Other Opinions

Westside farmers remain water short despite all the rain and snow of this wet year

Irrigated fields in the Westlands Water District border Interstate 5 west of Tranquillity in June 2015.
Irrigated fields in the Westlands Water District border Interstate 5 west of Tranquillity in June 2015. The New York Times

Last week the U.S. Bureau of Reclamation announced an increased allocation to 70 percent for south-of-Delta Central Valley Project agricultural water service contractors. This increase is welcome; however, given continued wet hydrologic conditions and current Central Valley Project reservoir storage, which is well above the long-term average, it is difficult to comprehend why the allocation remains below 100 percent.

The 2019 water year will go down as one of the wettest years on record. Reclamation’s inability to provide south-of-Delta CVP water service contractors with full contract supplies is further evidence of the draconian impact ineffective regulations have had on water supplies for people. These regulations, theoretically intended to protect at-risk fish species, have strangled water supplies while continuously failing to provide effective protection for the species — all of which have continued to decline.

Westlands Water District’s Tom Birmingham speaks with Ron Milligan, right, operations manager for the Central Valley Project, which is run by the U.S. Bureau of Reclamation. MARK CROSSE Fresno Bee file

It is for this reason Reclamation has re-initiated consultation on the long-term operation of the Central Valley Project and the State Water Project. This consultation enables the development of new biological opinions based on science developed over the last decade. It is the district’s greatest hope these new biological opinions will abandon restrictions on CVP operations that are unsupported by science and lead to absurd water supply reductions. The new biological opinions must protect at-risk fish species from the risk of extinction without unreasonably tying the hands of project operators. The best science currently available has demonstrated that both of these objectives can be accomplished simultaneously.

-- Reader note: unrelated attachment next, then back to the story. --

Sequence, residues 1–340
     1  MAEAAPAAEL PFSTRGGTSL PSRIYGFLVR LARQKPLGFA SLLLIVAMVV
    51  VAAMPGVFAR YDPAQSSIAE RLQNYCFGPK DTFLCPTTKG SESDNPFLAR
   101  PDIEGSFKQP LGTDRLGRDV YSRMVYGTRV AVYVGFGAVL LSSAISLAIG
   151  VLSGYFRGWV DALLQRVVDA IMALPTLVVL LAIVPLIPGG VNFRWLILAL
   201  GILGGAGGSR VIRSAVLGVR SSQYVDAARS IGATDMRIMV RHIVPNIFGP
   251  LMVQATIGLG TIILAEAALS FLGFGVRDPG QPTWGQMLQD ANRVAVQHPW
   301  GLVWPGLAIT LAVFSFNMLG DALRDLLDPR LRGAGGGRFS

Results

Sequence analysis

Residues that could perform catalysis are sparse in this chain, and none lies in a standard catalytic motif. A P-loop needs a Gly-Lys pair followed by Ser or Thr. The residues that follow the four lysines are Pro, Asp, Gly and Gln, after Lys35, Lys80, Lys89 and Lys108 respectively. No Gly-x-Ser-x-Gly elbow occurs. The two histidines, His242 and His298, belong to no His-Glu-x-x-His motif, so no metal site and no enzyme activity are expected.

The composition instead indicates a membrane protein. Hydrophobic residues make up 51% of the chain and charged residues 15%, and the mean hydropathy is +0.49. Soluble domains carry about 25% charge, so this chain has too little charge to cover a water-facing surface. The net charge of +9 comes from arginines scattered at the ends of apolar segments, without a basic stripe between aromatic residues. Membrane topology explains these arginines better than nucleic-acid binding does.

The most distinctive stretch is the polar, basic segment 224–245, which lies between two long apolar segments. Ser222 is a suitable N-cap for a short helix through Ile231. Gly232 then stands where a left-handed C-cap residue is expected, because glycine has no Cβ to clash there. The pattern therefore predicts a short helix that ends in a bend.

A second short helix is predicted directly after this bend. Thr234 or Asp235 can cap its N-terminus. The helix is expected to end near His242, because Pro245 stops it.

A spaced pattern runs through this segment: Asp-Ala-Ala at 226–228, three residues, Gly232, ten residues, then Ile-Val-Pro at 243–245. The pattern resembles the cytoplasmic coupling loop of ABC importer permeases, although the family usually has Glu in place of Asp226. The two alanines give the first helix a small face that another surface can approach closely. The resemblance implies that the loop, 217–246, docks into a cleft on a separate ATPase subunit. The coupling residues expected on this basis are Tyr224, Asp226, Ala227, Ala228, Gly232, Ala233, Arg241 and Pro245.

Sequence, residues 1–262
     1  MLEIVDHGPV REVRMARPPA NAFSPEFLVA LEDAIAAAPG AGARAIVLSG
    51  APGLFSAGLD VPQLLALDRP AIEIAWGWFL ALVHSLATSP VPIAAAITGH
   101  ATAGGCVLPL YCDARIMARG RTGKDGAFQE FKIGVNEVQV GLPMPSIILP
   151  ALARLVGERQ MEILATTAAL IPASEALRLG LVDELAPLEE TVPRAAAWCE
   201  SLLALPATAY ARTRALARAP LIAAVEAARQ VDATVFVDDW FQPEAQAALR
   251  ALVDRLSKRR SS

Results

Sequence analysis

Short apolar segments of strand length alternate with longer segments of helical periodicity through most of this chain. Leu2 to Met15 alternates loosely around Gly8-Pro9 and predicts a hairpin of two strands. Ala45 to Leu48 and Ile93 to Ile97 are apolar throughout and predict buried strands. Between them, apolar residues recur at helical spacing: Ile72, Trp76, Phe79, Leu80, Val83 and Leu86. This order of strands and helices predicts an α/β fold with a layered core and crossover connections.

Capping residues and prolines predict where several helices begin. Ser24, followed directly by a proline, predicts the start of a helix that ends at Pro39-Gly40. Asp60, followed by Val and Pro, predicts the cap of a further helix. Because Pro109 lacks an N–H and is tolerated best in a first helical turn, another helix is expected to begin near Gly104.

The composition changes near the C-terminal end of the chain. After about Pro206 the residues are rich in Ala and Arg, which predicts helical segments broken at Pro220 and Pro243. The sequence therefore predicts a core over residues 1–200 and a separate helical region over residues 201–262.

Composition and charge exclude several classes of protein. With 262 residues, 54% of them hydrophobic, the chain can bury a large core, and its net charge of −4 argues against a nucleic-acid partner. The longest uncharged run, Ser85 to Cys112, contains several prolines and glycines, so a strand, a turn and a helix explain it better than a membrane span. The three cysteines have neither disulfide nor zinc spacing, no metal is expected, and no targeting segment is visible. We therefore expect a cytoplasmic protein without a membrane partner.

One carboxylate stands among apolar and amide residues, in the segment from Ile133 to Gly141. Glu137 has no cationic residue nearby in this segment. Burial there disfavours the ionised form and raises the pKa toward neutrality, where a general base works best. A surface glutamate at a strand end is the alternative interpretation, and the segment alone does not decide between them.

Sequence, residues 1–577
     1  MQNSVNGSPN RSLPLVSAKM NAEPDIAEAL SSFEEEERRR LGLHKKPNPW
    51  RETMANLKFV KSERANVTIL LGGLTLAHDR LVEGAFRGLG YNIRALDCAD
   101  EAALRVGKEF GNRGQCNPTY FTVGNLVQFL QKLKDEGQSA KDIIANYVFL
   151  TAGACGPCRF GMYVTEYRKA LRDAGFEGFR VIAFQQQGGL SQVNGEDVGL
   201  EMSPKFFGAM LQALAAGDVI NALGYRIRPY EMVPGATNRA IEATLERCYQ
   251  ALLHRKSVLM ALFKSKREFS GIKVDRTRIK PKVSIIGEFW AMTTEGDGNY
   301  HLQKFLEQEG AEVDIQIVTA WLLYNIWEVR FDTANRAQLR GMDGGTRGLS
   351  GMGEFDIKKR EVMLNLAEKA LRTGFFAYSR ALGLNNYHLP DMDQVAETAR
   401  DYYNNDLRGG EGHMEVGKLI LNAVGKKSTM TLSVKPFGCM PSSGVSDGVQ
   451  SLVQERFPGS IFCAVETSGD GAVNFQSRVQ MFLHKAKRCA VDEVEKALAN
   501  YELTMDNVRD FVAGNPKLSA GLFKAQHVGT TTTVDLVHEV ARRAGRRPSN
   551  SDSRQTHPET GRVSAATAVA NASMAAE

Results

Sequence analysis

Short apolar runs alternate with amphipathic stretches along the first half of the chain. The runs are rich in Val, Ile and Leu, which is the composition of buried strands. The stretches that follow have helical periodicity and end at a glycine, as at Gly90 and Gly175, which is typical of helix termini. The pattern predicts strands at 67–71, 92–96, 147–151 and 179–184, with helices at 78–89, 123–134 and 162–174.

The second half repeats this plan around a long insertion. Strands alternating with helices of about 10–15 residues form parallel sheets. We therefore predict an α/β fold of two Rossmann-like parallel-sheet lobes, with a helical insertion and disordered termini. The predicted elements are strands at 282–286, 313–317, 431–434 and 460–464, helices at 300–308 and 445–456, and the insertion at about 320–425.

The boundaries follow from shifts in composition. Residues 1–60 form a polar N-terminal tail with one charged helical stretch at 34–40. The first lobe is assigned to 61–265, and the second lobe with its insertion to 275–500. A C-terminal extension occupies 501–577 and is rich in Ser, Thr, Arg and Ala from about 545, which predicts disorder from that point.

Decisions that affect CVP water allocations are not the product of some objective formula. Rather, these decisions reflect the exercise of discretion by agency staff, and these decisions affect people and the environment. These decisions affect how much land farmers can plant, how many people will be employed on farms, and how much consumers will pay for food produced by farmers and the people they employ. These decisions affect businesses and communities in every region of the San Joaquin Valley. These decisions affect how much groundwater will be pumped from overdrafted groundwater basins.

I know that reclamation staff understand the consequences of the decisions they make. This understanding is demonstrated by their diligent work to revise biological opinions that have produced no tangible benefits for at-risk fish species and have decimated its ability to supply water. The district hopes their colleagues in other federal and state agencies understand and consider the effects on people caused by their exercise of discretion.

Further, the district hopes that as a result of work being done by these government officials on the new biological opinions and on voluntary agreements to address the reasonable protection of beneficial uses of water for fish and wildlife in the Bay-Delta watershed, future operations of the CVP will be sufficiently flexible to meet the water supply needs of people.

Thomas Birmingham is general manager of the Westlands Water District. Westlands is the largest agricultural water district in the United States, made up of more than 1,000 square miles of prime farmland in western Fresno and Kings counties. Westlands provides water to 700 family-owned farms that average 653 acres in size.